Remove those ugly damaged shingles and stop potential roof leaks by following this simple three-step shingle replacement process.
By the DIY experts of The Family Handyman Magazine
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Replace damaged shingles
Photo 1: Pry gently to break shingle free
Gently tap a flat bar under the shingles to break the seal-down strips free. Don’t force it—shingles rip easily.
Strip out photo of single shingle showing nail locations
Find all eight nails in these typical locations.
Photo 2: Pry up shingle and nail together
Wedge the notch of the pry bar under the shingle at the nail head, then pry up both shingle and nail.
Photo 3: Nail on the new shingle
Nail down the new shingle, propping the tabs above as you nail to avoid breaking them.
A broken shingle is both ugly and a leak waiting to happen. But as long as you can find matching shingles (and you’re not afraid of heights), the repair is straightforward.
Pick a day when the weather is moderate to do the repair—too cold and the shingles can crack; too warm and the shingle sealants are tough to break.
Loosen the tabs under the broken shingle and the next two courses above it (Photo 1). Shingles are fastened with eight nails each—four at the center just above the tab slots and four through the shingle above it—and you have to lift up all the shingles that cover those nails to remove them.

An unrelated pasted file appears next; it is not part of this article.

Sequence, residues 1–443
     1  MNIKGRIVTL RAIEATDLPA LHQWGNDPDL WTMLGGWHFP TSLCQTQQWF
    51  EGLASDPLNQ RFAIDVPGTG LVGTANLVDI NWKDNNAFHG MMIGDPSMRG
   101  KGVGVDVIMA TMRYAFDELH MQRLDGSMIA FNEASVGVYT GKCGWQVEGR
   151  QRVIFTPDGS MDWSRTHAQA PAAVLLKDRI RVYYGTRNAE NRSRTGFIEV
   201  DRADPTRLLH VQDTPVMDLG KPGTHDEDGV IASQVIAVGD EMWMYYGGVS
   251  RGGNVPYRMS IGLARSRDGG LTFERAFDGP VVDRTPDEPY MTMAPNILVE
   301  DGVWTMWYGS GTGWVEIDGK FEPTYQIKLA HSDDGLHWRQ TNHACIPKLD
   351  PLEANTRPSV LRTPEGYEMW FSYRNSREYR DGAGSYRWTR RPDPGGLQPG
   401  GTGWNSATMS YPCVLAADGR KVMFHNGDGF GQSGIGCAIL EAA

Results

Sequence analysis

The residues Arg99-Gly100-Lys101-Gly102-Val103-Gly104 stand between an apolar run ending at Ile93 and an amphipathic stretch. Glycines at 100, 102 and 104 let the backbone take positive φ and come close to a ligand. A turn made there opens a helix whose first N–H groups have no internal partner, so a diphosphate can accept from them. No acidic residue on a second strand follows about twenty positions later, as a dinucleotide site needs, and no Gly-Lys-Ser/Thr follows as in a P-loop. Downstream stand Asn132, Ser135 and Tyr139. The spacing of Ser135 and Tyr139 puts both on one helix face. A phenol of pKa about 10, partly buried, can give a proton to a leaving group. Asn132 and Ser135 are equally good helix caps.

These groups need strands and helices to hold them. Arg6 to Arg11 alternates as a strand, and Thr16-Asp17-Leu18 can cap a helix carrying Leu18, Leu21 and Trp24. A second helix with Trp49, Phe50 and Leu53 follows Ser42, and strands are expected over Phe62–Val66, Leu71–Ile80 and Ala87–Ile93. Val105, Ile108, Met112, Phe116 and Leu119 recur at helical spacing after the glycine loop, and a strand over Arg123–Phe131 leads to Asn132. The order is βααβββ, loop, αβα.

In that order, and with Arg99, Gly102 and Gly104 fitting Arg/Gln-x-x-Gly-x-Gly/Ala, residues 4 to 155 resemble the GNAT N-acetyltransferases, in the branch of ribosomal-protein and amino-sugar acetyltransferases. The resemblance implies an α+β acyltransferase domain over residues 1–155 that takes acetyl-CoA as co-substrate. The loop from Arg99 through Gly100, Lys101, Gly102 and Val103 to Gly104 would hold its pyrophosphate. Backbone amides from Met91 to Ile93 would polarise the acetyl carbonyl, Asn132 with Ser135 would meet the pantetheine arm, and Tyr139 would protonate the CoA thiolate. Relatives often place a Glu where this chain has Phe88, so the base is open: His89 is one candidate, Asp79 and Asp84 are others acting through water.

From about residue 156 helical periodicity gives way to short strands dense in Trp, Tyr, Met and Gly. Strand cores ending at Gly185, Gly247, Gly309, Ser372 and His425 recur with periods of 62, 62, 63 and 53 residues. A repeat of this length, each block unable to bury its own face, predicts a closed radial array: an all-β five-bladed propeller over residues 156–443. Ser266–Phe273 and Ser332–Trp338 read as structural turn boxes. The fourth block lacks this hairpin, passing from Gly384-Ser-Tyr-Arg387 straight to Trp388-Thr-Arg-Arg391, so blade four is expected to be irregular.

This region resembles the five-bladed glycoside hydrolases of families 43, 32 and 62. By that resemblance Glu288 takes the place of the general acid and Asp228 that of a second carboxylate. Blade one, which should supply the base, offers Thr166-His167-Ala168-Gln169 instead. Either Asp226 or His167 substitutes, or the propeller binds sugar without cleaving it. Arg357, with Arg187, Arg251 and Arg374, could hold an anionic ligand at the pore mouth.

After all the tabs are loose, push the flat bar up under the damaged shingle to each nail, centering the nail in the flat bar notch (Photo 2). To avoid ripping shingles, gently work the pry bar under both tabs as you push it up.
Pop out the nails by prying underneath the shingle instead of trying to dig the nail head out from the top of the shingle; that will wreck the shingle. Then push the shingle down from the nail head and pull out the nail. After removing the center row of nails on the damaged shingle, lift the undamaged shingles above it and remove the next row of nails. Then pull out the damaged shingle.
Slide the new shingle up into place. Nail the center row first, then the center row of the course above it, nailing 1/2 in. over from the old holes (Photo 3). Nail at the top of the slots between the tabs, just above the sealant strip.
Required Tools for this Project
Have the necessary tools for this DIY project lined up before you start—you’ll save time and frustration.
Required Materials for this Project
Avoid last-minute shopping trips by having all your materials ready ahead of time. Here’s a list.